Social Infrastructure Package: Oh My

Looks like the MMTers (Modern Monetary Theory people)
are losing this round. The social infrastructure package which started off as a $6 trillion Bernie Sanders ambition, then shrunk to a $3.5 trillion package, is now lingering around $1.75 trillion or so. Various financial analysts think this a big deal, but it is not. $1.75 trillion spread over 10 years is a measly $175 billion annually, less than one quarter of the U.S. annual military budget. Apparently the powers-that-be believe that a powerful fighting force will gain a greater return on investment than a well-educated, civilized people.

Maybe the Democrats could revert to the Sander’s $6 trillion package, spread it over 100 years, and make everyone happy. The progressives could claim victory because they will have gotten a $6 trillion package. The Party’s conservative wing could claim victory because they limited the additional spending to $60 billion annually. Even the Republicans would be thrilled because they could point to the $6 trillion number and call the Democrats spendthrifts.

This has got to blow the MMTers away. The Modern Monetary Theory people understand the vast charade which is going on. All the concern about federal debt is nonsense, investment in people and physical infrastructure is what will advance the Nation. Debt financed federal deficits is a policy choice, it is an accounting convention of which we choose to abide.

As a sovereign nation with its own free floating currency, the sovereign, the U.S., in our case, can create all the money it needs without taxation or borrowing, taxation and borrowing are necessary, however, to prevent inflation in the goods, services and asset markets (actually, borrowing is never necessary but has other practical applications). With this in mind, the U.S. can invest the necessary funds for a strong future nation, restrained only by the inflationary impact of such investment. There will be a lag between the investment and the eventual supply of goods and services adequate to meet the additional money created through the investment. This is where the inflation comes in.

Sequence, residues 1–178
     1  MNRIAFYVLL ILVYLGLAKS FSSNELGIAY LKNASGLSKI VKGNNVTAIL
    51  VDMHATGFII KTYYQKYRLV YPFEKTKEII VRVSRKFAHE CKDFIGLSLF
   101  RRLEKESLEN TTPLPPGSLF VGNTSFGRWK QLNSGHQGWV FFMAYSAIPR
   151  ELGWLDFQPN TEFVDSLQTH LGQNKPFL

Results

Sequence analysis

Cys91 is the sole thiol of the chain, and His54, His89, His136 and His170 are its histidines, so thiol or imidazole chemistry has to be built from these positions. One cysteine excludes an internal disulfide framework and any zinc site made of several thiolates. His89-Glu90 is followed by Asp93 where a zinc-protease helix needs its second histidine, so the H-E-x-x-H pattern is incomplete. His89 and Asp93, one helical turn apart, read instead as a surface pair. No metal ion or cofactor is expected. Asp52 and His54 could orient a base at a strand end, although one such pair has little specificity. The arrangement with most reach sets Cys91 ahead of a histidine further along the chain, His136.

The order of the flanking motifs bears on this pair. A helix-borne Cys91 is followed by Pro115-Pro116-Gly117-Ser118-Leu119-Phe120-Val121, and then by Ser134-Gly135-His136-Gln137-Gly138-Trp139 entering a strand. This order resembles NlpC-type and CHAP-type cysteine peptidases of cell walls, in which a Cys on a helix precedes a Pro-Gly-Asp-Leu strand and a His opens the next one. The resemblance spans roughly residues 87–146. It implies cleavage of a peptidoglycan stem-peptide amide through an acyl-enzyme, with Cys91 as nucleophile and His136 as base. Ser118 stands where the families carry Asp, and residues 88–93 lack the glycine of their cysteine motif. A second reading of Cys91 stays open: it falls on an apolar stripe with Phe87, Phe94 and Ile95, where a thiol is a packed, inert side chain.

If you are worried about the current U.S. debt, a large chuck of it, $5.5 trillion or so, sits on the Federal Reserve’s (FEDs) balance sheet and it can be purchased by a platinum coin created by the Treasury Department’s U.S. Mint, or held in perpetuity by the FED where it is cost free to the U.S. taxpayer, or simply extinguished through an Act of Congress in combination with the creation of a new FED intangible asset account to prevent the hit to the FED’s balance sheet–a hit which would otherwise eventually pass to the U.S. taxpayer.

Higher government investment will need to crowd out private investment, not for lack of investable funds which are virtually infinite, but in order to prevent inflation due to excessive investment demand. This, of course, is why the social infrastructure package is resisted, it would be an enlargement of government at the expense of the private sector, but I would argue, for the benefit of the people and the Nation at large.

The Nation does not need more private sector investment which churns out $15 an hour jobs alongside a growing class of billionaires and millionaires: Elon Musk–$306.5 billion, Jeff Bezos–$192.9 billion, Warren Buffett–$104.7 billion . . . . The Nation needs investment in human capital which will create good paying jobs and to better distribute corporate gains among the poor and lower middle income groups whose dire straits are the result of an over reliance on the private sector.